In August 2001, the Cuban Government announced that it would conduct a census of population and housing from September 7 to September 16, 2002, the first census of the island’s population in over 20 years, and only the third such census since the revolutionary takeover of 1959.2 The census count was carried out and data were tabulated by the Oficina Nacional de Estadísticas (National Statistical Office, ONE). According to Cuba’s Minister of Economics and Planning José Luis Rodríguez, “there is no census of any country in the world with higher reliability [than Cuba’s 2002 census].”3
In November 2005, ONE released the long-awaited census results, giving them broad circulation by making them available in electronic from in its website.4 Researchers and journalists have seized upon these new data, reporting on such topics as basic demographic information about the Cuban population,5 the changing racial makeup of the island’s population, 6 its changing age structure,7 and internal migration patterns,8 among others.
In this paper, I compare selected demographic and social characteristics of Cubans in the island and Cuban- Americans in the United States in 2002. The comparison is based on Cuba’s 2002 census and statistics from the United States Census Bureau’s American Community Survey (ACS) for 2002, a data set that updates the U.S. decennial census. Naturally, some data in the two data sources do not lend themselves to direct comparison (e.g., wage information, or information about English proficiency of Cuban- Americans residing in the United States). Nevertheless, it has been possible to compare a limited number of indicators and, in so doing, to gain some interesting insights about similarities and differences in characteristics of Cubans in Cuba and Cubans in the U.S. diaspora at the turn of the century.
The paper begins with some background on the 2002 Cuban census and the ACS, and then compares data from each for selected demographic and social characteristics across different age groups. The paper explains how comparable data were developed, highlights points of interest, and makes a few suggestions for future research using Cuban and U.S. demographic and social data.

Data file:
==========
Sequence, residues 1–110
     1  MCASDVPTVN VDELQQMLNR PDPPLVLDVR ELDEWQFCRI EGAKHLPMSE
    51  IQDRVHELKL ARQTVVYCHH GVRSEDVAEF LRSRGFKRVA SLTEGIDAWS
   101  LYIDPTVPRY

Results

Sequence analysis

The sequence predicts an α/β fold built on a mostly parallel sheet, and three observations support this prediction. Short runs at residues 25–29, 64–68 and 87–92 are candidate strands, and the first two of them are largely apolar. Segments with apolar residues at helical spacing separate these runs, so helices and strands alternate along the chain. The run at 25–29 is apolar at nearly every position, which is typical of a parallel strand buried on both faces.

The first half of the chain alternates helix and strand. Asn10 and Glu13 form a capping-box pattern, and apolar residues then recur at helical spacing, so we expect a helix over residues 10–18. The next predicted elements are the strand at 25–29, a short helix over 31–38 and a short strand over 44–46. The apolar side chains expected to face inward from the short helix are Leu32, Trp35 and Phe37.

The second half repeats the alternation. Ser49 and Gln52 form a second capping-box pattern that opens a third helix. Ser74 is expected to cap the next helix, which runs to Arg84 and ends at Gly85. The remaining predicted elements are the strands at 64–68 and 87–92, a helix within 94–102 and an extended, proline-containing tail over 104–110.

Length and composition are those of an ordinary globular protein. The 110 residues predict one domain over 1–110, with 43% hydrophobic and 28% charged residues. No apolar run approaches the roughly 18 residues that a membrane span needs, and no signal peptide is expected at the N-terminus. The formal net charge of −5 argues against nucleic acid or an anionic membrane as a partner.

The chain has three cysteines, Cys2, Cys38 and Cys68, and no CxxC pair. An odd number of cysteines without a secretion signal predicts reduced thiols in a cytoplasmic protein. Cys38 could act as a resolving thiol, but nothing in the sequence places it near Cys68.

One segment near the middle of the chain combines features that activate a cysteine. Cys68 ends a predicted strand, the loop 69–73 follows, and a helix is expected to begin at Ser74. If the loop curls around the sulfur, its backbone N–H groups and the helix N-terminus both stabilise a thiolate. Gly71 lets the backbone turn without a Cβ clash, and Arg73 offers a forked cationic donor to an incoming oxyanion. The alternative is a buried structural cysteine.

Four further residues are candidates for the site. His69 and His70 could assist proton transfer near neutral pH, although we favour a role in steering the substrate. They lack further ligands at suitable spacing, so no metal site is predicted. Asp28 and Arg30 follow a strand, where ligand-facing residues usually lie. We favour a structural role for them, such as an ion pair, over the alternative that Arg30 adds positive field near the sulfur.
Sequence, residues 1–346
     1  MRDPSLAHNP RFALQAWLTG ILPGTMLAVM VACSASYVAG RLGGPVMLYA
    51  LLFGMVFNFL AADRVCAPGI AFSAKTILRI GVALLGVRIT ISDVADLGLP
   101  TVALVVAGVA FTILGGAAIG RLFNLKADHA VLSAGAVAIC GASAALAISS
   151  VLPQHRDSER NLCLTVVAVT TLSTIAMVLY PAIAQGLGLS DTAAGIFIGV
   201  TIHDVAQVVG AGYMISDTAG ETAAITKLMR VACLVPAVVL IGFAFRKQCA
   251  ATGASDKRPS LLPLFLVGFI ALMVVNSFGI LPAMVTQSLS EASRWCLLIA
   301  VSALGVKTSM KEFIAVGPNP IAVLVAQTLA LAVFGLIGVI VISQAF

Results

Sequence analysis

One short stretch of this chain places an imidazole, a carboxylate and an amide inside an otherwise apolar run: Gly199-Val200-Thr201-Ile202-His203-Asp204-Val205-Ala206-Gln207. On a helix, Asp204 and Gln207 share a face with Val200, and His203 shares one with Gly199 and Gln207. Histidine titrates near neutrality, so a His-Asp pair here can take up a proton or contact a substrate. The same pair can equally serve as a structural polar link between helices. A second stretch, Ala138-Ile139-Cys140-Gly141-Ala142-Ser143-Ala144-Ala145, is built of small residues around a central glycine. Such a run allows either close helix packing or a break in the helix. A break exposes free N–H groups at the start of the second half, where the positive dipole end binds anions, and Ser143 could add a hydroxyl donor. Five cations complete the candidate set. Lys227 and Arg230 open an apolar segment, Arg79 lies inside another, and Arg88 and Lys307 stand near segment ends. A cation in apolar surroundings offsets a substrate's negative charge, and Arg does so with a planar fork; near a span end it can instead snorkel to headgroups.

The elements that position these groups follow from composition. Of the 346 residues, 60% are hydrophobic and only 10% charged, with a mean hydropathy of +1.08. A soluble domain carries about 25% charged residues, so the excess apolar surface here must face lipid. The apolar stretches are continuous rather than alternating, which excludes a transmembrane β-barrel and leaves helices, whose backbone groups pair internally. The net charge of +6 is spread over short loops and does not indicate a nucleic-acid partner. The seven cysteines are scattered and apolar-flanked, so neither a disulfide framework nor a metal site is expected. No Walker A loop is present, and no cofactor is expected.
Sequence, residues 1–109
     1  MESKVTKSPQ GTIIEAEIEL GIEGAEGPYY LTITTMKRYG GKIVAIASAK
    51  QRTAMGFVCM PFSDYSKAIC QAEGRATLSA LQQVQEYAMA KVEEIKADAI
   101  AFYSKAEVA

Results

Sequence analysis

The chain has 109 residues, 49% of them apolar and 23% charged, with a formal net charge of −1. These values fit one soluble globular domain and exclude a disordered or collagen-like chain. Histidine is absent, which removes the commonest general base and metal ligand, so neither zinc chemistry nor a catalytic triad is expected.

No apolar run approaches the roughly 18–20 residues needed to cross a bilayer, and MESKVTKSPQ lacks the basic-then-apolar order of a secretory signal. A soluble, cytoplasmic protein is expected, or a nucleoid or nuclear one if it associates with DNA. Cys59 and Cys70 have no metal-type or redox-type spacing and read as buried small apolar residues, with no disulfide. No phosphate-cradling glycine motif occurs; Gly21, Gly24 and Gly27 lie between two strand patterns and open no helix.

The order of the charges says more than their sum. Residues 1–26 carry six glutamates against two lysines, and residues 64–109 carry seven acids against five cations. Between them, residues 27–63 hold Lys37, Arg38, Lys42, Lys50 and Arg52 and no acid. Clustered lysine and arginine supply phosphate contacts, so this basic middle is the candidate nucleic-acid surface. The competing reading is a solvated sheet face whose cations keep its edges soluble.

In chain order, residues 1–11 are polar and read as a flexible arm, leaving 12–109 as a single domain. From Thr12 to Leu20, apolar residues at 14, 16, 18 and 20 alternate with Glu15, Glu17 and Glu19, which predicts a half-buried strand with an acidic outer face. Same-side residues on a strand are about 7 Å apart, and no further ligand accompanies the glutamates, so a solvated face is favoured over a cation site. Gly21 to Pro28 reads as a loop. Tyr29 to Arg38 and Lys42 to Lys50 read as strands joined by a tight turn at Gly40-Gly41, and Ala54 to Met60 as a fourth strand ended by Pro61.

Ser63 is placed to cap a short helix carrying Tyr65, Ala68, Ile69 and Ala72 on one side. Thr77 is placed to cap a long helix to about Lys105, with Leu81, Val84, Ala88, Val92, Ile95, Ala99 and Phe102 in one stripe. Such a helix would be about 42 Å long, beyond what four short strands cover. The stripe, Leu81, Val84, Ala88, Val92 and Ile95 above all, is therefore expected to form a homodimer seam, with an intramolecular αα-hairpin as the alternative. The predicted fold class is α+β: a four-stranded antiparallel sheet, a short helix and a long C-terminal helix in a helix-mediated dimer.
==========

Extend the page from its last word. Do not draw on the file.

SOURCES OF DATA
Cubans in the Island: The 2002 Cuban Census9
As stated earlier, Cuba conducted a census of population and housing during the period September 7 through 16, 2002. The census was conducted entirely through personal interviews of heads of households or other adults. Interviewers were typically students enrolled in technical or professional high schools and at the university level, with instructors at these institutions serving as supervisors; in hard-toreach areas, local personnel was hired to conduct the census. Approximately 63,000 students and some 11,000 instructors were involved in data collection; in addition, over 20,000 persons were involved in data processing and other activities associated with the census. All personnel underwent significant training to prepare them for their activities associated with the census. Cuba published the results of the census 38 months after it was completed.
Cuban-Americans: The American Community Survey (ACS) 10
The American Community Survey (ACS) is an ongoing survey designed to collect detailed U.S. demographic and economic information previously collected through the decennial census. The ACS is a random sample, conducted by mail, with reminders sent out for those who do not immediately respond. The sample size is about 3 million households nationally, equating to about 1–in-40 addresses.
At the time of the decennial census, two types of forms are mailed out: “short” forms are sent to all housing units and “long” forms are sent to about 1– in-6 housing units. The “short” form serves to provide population counts, racial and ethnic characteristics, and age. The “long” form is the source of rich data on fertility, place of birth, English language proficiency, occupation, industry, household relationships, and income, as well as many other variables. These data take two to three years to tabulate and release. The ACS will eventually replace the “long” form in the 2010 decennial census. For data-users, this means that the rich data generated by the “long” form every decade will be updated annually at large geographies, and every 3 to 5 years at smaller geographies.